| A Tibetan child at a refugee camp in New Delhi
The prime minister, Atal Bihari Vajpayee, visited China from June 22 to 27. This was an important visit as China is India’s most important neighbour. It is more important to examine the visit in the context in which it took place and the prospects of Sino-Indian relations which are of vital significance to regional peace and stability.
Sino-Indian relations have seen ups and downs during the last 15 years.Vajpayee and his Chinese counterpart, Wen Jiabao, had wide-ranging discussions on global, regional and bilateral issues. Such discussions also took place between Vajpayee and the Chinese president, Hu Jintao, and former Chinese president, Jiang Zemin. The specifics on which India and China had useful discussions were the following.
Management of the emerging new world order subjected to the unipolar power of the United States of America, a trend, the imbalance of which has to be redressed; dealing with the shortcomings and aberrations of international economic and technological arrangements under the World Trade Organization; exploring the possibilities of mutual cooperation and playing an effective role in world security arrangements and the Association of Southeast Asian Nations Security Forum — ARF; examining possibilities of working together on reviving the role of the United Nations in world affairs, including its reforms.
More important, substantive issues affecting bilateral relations formed part of the exchange of views which included a review of the progress made by the Sino-Indian joint working group on the boundary question in relation to the agreed delineation of the line of actual control. These issues are the following: initiating steps to deal with the substantive issues of resolving the boundary issue; a candid discussion on the implications of Chinese defence cooperation and defence supplies arrangements with Pakistan on Indian security specifically, and regional security in general; coming to mutually acceptable and transparent equations on issues related to Tibet and the status of Sikkim, issues about which there are ambiguities rooted in differences of opinion; charting out a substantive scheme for expanding bilateral trade, technological and economic relations.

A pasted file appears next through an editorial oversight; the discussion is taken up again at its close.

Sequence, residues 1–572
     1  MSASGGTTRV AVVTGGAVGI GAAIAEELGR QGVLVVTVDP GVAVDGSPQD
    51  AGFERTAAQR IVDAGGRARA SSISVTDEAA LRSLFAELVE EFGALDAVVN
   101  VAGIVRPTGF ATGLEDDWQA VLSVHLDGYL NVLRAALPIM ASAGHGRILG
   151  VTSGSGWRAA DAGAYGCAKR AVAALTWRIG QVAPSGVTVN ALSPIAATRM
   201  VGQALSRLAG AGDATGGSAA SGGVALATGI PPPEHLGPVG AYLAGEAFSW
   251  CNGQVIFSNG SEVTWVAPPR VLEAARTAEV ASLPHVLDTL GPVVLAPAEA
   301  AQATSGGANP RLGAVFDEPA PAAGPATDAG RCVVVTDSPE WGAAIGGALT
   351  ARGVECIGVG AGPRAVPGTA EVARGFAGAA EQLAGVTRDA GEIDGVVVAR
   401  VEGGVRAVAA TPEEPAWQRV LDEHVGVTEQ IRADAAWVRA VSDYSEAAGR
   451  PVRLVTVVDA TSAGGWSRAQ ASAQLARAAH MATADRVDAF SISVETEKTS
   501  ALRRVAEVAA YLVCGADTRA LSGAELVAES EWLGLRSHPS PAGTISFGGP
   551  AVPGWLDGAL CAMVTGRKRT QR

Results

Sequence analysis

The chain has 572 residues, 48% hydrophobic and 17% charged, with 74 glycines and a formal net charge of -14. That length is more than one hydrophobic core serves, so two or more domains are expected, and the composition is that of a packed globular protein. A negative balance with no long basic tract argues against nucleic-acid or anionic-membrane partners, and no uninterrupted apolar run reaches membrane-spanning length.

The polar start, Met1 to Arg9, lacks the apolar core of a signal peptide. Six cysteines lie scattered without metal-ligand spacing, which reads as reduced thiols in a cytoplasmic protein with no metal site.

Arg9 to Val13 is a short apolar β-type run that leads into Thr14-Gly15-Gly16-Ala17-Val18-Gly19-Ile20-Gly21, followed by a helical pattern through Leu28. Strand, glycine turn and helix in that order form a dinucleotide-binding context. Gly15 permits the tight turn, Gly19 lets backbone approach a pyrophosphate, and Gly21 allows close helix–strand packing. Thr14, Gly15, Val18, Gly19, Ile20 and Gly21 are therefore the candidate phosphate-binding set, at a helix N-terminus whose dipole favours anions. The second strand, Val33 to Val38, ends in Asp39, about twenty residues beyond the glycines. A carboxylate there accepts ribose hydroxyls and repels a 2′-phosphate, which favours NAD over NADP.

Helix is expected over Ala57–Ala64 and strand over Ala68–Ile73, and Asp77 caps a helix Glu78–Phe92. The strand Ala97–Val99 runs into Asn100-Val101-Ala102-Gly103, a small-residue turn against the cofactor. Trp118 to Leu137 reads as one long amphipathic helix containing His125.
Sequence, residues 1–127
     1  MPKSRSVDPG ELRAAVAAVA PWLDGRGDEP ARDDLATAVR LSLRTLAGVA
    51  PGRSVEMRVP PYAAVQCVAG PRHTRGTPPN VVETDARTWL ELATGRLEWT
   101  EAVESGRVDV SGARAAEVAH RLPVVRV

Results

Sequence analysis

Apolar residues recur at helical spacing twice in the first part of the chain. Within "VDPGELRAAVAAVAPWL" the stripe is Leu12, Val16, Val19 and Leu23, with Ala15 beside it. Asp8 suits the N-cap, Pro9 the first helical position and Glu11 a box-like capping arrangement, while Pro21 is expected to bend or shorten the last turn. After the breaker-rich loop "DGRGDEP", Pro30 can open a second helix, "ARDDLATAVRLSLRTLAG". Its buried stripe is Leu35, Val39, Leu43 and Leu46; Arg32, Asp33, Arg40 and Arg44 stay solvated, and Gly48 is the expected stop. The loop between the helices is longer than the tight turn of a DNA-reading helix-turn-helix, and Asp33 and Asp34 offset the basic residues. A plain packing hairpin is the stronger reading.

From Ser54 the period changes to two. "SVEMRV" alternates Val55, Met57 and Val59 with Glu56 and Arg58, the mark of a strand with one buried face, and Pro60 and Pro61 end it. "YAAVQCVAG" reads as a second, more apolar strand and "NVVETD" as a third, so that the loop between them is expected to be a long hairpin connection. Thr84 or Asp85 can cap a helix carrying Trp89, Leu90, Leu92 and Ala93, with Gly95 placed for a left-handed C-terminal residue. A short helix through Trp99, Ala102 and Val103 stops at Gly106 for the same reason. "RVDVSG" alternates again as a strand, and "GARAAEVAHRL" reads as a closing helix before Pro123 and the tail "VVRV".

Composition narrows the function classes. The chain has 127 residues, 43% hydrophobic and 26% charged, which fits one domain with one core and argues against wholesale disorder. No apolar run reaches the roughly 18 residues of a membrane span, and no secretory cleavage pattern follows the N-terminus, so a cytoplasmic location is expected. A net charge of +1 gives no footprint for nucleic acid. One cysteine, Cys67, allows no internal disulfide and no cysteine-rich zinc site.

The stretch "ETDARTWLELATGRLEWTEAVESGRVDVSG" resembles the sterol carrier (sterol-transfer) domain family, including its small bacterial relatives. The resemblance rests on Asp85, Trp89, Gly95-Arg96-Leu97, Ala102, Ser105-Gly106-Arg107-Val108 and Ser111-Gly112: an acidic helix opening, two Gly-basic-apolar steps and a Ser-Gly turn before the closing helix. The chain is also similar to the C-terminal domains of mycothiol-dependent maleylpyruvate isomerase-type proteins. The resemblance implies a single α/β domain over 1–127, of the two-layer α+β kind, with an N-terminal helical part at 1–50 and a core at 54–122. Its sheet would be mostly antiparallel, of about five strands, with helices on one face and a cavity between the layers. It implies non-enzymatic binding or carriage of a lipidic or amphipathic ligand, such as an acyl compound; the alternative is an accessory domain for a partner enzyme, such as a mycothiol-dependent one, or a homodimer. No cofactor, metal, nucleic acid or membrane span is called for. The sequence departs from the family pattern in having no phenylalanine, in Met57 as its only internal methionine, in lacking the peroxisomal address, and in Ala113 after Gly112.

Official pronouncements from China from the second week of June onwards indicated that China is willing to expand and encourage positive trends in Sino-Indian relations. Chinese spokespersons underlined that recent policy orientations of both India and China on the security dimension of equations indicate that Vajpayee and Wen Jiabao have re-defined strategic and security terms of reference of bilateral relations between the two countries.
The logical expectation should be that China and India would affirm the intention in their policies towards each other not to threaten each other’s security. Chinese spokespersons have also indicated the willingness of the Chinese government to move on to discuss the substantive aspects of the boundary issue while the residual problems related to the line of actual control are getting sorted out. While all the right noises and all the right gestures are being made about Vajpayee’s visit to Beijing, the outcome and the prospects need an assessment in terms of realities and practical possibilities. The boundary question is a vexed one. The most recent pronouncement of the Chinese is that they would like to resolve the issue on the basis of equality and mutual understanding, accommodation and adjustment.
As far as the status of Sikkim and that of Tibet go, India should stand by its policy decision of Chinese jurisdiction over Tibet. China should simultaneously recognize Sikkim as an integral part of India. While we should express our concern regarding Chinese military cooperation with Pakistan, and defence cooperation arrangements with Myanmar, there is no point in complaining to the Chinese about it. The solution is to tell the Chinese that we view their defence relationships with these two countries with concern, that they should not object to India adopting defence doctrines about increasing its defence capacity to meet the challenges resulting from their cooperation with these two countries.
Vajpayee signed nine agreements stipulating bilateral cooperation between India and China on separate subjects, ranging from expanding economic and technological cooperation to raising the volume of bilateral trade, to cultural and scientific exchanges. The most recent agreements signed confirm the fact that Sino-Indian relations are being conducted within the macro-level political framework of what was agreed upon between Deng Xiaoping and Rajiv Gandhi in December 1988, namely, that India and China will expand and consolidate bilateral relations in those spheres which are of mutual interest, without letting the boundary question stand in the way. The boundary question and related issues being complex, the two sides will address it in a practical and constructive manner.